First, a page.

Call broadcasting and automated recorders as tools for anuran surveys in a subarctic tundra landscape
Relatively little is known about population ecology of anurans in arctic and subarctic tundra regions, in part because it is difficult to survey anurans in these landscapes. Anuran survey protocols developed for temperate regions have limited applicability in arctic and subarctic tundra landscapes, which may lack roads and vehicle access, and experience variable and inclement weather during short anuran breeding seasons. To evaluate approaches to address some of the limitations of surveying anurans in tundra landscapes, we assessed the effectiveness of using breeding call broadcasts to increase detection of Boreal Chorus Frogs (Pseudacris maculata) and Wood Frogs (Lithobates sylvaticus) near Cape Churchill, Manitoba, Canada. We also evaluated how counts of anurans derived from automated audio recorders compared with those obtained simultaneously by observers. We detected on average 0.4 additional Wood Frogs per survey when we broadcasted calls (x̄ = 0.82, SD = 1.38), an increase of > 40% compared to surveys without broadcasts (x̄ = 1.24, SD = 1.51; Wilcoxon test; Z = 2.73, P = 0.006). In contrast, broadcasting Boreal Chorus Frog calls did not increase the number of chorus frog detections (Wilcoxon test; Z < 0.001, P > 0.90). Detections of Wood Frogs in a 100-m radius were lower via automated recorders (x̄ = 0.60, SD = 0.87 SD) than by observers during simultaneous surveys (x̄ = 0.96, SD = 1.27 Z = 2.07, P = 0.038), but those of Boreal Chorus Frogs were not different (x = 1.72, SD = 1.31;x̄ = 1.44, SD = 1.5; Z = 1.55, P > 0.121). Our results suggest that broadcasting calls can increase detection of Wood Frogs, and that automated recorders are useful in detecting both Wood Frogs and Boreal Chorus Fogs in arctic and subarctic tundra landscapes.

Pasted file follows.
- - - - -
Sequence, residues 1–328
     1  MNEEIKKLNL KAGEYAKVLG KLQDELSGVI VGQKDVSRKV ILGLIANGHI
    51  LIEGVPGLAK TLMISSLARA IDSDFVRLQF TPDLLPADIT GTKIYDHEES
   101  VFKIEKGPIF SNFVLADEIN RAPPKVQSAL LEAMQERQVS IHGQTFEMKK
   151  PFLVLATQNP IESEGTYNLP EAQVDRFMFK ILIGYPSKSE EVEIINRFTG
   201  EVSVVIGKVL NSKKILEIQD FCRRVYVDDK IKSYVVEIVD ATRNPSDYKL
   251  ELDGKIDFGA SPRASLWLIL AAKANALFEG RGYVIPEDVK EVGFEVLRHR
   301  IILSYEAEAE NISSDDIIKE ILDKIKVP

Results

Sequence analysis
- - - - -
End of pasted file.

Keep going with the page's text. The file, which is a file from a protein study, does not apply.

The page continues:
Additional publication details
|Publication Subtype||Journal Article|
|Title||Call broadcasting and automated recorders as tools for anuran surveys in a subarctic tundra landscape|
|Series title||The Journal of North American Herpetology|
|Publisher||The Center for North American Amphibians and Reptiles|
|Contributing office(s)||Coop Res Unit Leetown|